The kiss of deception, p.14
Larger Font   Reset Font Size   Smaller Font       Night Mode Off   Night Mode

       The Kiss of Deception, p.14

           Mary E. Pearson
slower 1  faster

  With my hands now full, I made my way back to the inn, smiling, picturing something more cheerful on Pauline’s head than the somber white mourning scarf, though I wasn’t sure I could convince her to wear the garland instead. I took the upper road back to the inn, no more than a wide dirt trail, taking advantage of the shade and the quiet. The wind whispered a soothing hush through the pines, while a complaining jay sometimes jarred the peace and a scolding squirrel chirped back. I had a little something extra in my bundle for Walther and Greta. Something sweet and lacy and small. I couldn’t wait to give it to him. Walther’s hands would be so large and clumsy holding it. It made me smile. When did he say he would stop by again?

  Be careful, sister, be careful.

  Something cold crouched low in my gut, and I stopped walking. His warning was so close, so immediate, but distant too.

  “Walther?” I called out, knowing he couldn’t possibly be here, but—

  I heard the footsteps, but too late. I didn’t even have time to turn before I was crushed by an arm across my chest. I was yanked backward, my arms pinned at my sides. A brutal hand clamped down on my wrist. I screamed but then felt the prick of a knife at my throat and heard a warning not to utter another sound. I could smell him, the stench of rotten teeth on hot breath, oily unwashed hair, and the overwhelming odor of sweat-soaked clothing, all of it as oppressive as the arm that squeezed me. The knife pressed into my flesh, and I felt the tickle of blood running into the hollow of my neck.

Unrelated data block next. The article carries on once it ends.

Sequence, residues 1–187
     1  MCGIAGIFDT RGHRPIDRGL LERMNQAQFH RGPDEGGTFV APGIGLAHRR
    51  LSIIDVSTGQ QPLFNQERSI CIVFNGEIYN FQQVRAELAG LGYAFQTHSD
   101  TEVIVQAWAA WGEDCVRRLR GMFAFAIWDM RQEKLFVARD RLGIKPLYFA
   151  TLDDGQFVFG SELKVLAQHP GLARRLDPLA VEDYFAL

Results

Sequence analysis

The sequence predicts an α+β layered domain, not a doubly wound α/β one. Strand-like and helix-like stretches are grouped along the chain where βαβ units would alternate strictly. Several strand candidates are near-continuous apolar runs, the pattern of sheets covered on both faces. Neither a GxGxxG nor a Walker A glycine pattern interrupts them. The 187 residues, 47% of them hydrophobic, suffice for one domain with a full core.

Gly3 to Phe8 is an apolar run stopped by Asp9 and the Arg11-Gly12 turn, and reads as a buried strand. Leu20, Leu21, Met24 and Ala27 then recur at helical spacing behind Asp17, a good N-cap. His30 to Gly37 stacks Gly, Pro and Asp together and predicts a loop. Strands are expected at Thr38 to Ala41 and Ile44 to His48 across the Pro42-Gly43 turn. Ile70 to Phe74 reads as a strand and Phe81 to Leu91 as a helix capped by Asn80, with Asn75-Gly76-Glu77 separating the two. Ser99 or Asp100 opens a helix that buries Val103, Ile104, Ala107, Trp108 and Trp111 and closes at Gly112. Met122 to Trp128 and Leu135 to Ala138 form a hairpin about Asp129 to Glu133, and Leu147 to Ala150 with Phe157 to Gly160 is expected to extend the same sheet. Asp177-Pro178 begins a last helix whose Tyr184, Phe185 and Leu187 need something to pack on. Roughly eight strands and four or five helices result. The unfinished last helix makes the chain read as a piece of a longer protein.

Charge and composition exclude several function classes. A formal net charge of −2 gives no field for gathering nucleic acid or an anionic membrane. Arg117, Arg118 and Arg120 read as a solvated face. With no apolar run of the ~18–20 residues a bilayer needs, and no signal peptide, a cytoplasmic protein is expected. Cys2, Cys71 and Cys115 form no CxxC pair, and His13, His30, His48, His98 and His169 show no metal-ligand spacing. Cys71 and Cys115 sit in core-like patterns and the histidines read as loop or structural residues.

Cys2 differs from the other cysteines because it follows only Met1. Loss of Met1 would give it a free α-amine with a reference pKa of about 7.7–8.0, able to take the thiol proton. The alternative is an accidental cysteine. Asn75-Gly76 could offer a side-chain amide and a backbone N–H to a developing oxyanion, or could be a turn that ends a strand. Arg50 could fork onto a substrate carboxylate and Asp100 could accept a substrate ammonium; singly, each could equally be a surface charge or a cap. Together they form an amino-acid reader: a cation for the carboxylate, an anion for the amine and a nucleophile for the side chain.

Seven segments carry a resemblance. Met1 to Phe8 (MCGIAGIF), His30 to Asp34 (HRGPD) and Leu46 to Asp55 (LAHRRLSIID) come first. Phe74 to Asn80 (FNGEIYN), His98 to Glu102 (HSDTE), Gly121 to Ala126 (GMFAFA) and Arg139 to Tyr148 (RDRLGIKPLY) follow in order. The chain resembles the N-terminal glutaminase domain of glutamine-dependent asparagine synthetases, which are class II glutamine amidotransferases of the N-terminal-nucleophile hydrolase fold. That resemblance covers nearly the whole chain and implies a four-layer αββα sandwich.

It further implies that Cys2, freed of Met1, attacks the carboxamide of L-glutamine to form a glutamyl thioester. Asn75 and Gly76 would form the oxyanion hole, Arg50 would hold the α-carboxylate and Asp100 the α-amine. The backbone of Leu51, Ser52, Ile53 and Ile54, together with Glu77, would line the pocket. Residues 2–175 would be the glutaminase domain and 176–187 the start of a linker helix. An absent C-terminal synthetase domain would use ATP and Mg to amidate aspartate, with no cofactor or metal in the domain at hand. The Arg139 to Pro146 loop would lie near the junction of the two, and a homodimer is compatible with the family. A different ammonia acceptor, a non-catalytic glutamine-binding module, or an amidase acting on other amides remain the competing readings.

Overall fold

“I have no money,” I said. “Just a—”

  “I’m going to tell you this once only. I want what you stole.”

  My knife was sheathed beneath my jerkin at my left side, just inches from my fingers, but I couldn’t reach up with my left hand to get it, and my right arm was held tight in his grip. If I could just buy some time.

  “I’ve stolen many things,” I said. “Which one—”

  “This knife is courtesy of the Scholar and Chancellor,” he growled. “That should help you remember.”

  “I didn’t take anything of theirs.”

  He shifted his grip, pushing the knife higher so I had to press back against him to avoid having it cut deeper into my skin. I didn’t dare breathe or move, even though he loosened his hold on my arm. He produced a piece of paper, shaking it in front of my eyes. “And this note says different. The Scholar told me to tell you he wasn’t amused.”